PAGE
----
What started as a student blog conversation about digitizing the street vending industry is now a street art movement for the rural poor. Dubbed the emerging “Etsy of the Caribbean” and the future “Ebay for Street Vendors”, the 3 month startup positioned itself as the first mobile bidding marketplace for street artisans in the world.
The aim is to digitize the street vending industry within the next 5 years. That means creating an e-commerce platform for 2 billion street vendors across the globe using data, cloud and mobile technology. The company actively searched for corporate partners to scale out its mobile technology during its early stages and caught the attention of IBM Brazil representatives during a pilot tour. The founder, Christine Souffrant, pitched the business model to the Head of IBM Global Citizenship and was then recommended to apply to IBM’s Global Entrepreneurship Partnership Network.
By July 2014, the partnership was completed.
Vendedy now has a 3 year agreement with IBM to utilize its cloud, data, and equipment resources to provide this global solution for 150+ countries.
Beta versions of for each market country will be released in 2015. A soft launch begins in Haiti this fall.
Please direct inquiries and requests for collaboration at email@example.com.
In March 2014, the founder of Vendedy entered a global competition to join 1000 university students selected as global change makers. Christine Souffrant shared her personal vendetta against the exploitation of 2 billion street vendors around the world and traveled from Dubai to Arizona to join the network.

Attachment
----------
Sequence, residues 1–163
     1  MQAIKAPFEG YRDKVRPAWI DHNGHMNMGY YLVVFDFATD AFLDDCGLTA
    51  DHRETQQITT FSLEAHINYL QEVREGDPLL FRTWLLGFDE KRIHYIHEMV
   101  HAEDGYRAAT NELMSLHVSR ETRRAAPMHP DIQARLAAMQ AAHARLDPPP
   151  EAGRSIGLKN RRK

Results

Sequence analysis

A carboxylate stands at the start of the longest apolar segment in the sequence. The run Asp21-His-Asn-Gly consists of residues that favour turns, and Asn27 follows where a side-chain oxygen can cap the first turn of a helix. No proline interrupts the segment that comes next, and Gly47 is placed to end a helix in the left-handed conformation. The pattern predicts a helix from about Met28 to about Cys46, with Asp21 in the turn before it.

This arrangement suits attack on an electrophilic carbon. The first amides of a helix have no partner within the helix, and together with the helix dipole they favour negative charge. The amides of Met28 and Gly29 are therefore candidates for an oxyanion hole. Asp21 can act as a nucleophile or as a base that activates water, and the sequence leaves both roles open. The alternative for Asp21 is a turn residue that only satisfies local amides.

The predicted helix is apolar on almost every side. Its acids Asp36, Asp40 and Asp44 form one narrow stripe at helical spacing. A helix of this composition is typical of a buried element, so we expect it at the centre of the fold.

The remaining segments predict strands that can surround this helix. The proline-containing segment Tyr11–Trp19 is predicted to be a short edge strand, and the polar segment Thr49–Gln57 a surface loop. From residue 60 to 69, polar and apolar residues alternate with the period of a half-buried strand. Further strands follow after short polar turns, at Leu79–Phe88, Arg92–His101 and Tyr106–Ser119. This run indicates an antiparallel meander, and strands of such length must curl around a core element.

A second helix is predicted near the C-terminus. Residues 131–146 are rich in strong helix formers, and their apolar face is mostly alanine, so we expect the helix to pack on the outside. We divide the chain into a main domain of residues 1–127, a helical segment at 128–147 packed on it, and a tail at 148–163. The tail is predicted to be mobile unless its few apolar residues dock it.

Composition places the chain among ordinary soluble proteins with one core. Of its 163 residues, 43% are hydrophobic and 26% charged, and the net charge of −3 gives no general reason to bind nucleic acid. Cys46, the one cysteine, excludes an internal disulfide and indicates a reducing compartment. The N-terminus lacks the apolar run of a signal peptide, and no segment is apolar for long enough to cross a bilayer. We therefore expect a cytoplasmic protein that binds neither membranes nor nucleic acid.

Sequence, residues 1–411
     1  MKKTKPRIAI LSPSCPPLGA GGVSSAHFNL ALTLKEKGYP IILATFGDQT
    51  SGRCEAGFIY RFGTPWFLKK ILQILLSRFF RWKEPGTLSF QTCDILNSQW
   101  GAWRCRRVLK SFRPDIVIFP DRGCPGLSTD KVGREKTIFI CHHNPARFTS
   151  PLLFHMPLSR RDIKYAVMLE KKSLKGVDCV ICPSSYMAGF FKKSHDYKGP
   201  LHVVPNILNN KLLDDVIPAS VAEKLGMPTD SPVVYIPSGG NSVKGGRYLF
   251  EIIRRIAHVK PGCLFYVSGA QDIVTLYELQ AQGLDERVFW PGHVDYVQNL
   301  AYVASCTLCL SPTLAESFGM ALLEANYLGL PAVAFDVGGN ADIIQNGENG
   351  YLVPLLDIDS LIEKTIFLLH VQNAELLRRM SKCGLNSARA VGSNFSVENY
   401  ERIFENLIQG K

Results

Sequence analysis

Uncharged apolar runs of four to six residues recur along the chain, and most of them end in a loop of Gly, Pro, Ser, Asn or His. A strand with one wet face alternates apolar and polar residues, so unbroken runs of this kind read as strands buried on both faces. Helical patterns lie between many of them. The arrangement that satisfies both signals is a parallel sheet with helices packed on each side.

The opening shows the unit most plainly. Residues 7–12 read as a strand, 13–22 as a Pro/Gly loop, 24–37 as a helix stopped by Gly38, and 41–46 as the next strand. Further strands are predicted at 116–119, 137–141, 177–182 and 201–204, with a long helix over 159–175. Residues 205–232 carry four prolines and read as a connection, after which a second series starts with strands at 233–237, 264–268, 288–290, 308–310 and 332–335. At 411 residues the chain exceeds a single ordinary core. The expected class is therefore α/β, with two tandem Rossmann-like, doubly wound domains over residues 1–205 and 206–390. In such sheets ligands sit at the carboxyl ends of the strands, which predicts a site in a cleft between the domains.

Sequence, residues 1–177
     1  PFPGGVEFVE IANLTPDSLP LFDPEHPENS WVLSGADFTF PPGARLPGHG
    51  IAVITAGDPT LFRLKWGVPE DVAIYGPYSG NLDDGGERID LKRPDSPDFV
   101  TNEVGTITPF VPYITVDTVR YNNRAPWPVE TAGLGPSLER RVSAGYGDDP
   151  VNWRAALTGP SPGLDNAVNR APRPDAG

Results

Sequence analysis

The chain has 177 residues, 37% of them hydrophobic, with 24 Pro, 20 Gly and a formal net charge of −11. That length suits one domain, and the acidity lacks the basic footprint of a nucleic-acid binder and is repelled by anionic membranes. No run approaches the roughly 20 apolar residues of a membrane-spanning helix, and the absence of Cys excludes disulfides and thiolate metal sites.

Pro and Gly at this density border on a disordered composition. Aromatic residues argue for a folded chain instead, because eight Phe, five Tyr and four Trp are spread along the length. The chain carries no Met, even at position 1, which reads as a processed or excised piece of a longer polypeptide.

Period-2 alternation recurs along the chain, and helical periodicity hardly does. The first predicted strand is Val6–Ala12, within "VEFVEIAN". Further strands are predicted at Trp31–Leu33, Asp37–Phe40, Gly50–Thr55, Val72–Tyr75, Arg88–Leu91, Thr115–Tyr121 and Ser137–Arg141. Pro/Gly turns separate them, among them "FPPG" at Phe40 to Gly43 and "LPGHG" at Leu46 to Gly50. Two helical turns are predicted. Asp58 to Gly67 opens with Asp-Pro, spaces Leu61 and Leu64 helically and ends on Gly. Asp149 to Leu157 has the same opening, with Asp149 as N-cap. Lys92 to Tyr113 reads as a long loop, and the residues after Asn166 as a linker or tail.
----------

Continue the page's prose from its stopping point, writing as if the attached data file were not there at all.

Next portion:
As a child, she witnessed the struggles her family faced shuffling from street corners to flea markets to survive and knew that technology can change this reality for billions around the world.
It was an incredible experience.By June she officially incorporated Vendedy with a simple concept: a social enterprise start-up destined to digitize the street vending industry by connecting global consumers to remote street artisans using mobile technology. Christine returned back to Haiti to pilot her idea with 60 artisans in the capital.
The founder was invited to the 10th Annual Global CGI meeting in September post the pilot to provide updates on Vendedy’s Poverty Alleviation initiative.
To learn more about our involvement or to support our efforts, please reach us at firstname.lastname@example.org.
About the Clinton Foundation:
Established in 2005 by President Bill Clinton, the Clinton Global Initiative (CGI), an initiative of the Clinton Foundation, convenes global leaders to create and implement solutions to the world’s most pressing challenges. CGI Annual Meetings have brought together more than 180 heads of state, 20 Nobel Prize laureates, and hundreds of
leading CEOs, heads of foundations and NGOs, major philanthropists, and members of the media. To date, members of the CGI community have made more than 2,900 commitments, which are already improving the lives of more than 430 million people in over 180 countries.
Hello followers of the Vendedy movement.
We are pleased to announce that in partnership with IBM and CGI affiliates,
Vendedy will launch a beta version of the Mobile Bidding Martketplace for Street artisans this November with artisans from Haiti.